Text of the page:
Divorce brings lots of new changes and situations. In almost every case, one of the most far-reaching changes is that of a new financial situation. Both parties must find a way to move forward without the financial support of the other spouse. Where there have historically been two incomes to help further the parties’ financial goals, now each spouse will need to make new provisions for attaining financial stability. The parties will also either need to come together to agree how to separate their marital assets, or they will need to go to a contested final hearing to allow a judge to separate the assets. While considering how best to approach the financial issues attendant to divorce, the parties may want to consider retaining the services of a Neutral Financial Expert.
A neutral financial expert is typically an expert that is retained by both you and your soon to be former spouse. The financial expert can help the two of you review a variety of different financial areas. These areas may include determining which pieces of property are marital or separate, tracing income to determinate what property is marital, or providing a proper valuation of a large asset, such as family business. The type of expert you and your spouse may want to consider hiring as a neutral financial expert will vary depending on the precise type of issue that needs to be resolved.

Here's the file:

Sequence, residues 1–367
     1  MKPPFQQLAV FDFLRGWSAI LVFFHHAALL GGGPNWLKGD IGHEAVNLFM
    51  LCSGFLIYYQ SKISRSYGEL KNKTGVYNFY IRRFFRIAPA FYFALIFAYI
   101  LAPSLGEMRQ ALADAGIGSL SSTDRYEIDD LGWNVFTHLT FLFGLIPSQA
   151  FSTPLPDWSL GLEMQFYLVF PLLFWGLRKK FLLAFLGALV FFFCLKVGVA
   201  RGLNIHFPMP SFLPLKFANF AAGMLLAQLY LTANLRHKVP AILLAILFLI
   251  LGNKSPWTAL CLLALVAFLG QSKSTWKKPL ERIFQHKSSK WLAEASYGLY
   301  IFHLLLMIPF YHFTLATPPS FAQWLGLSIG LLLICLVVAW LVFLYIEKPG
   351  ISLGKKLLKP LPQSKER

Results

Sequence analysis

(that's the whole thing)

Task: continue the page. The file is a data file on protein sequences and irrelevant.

There are some potential drawbacks to attempting to use a neutral financial expert. One issue could be if even though you and your spouse agree to hire an expert, you may not be able to agree on precisely which expert to hire. If this is the case, you and your spouse could experience delays until the two of you are able to come to an agreement or, in some cases, go to court to have the judge make the decision for the two of you. Another drawback can be the expense. Whether hiring a neutral financial expert is actually worth the cost will depend heavily on the issues you seek to have resolved. For example, hiring a financial expert to trace a small inheritance of $3,000 could result in the costs for the expert being more than how much each party would stand to receive in the marital division of property.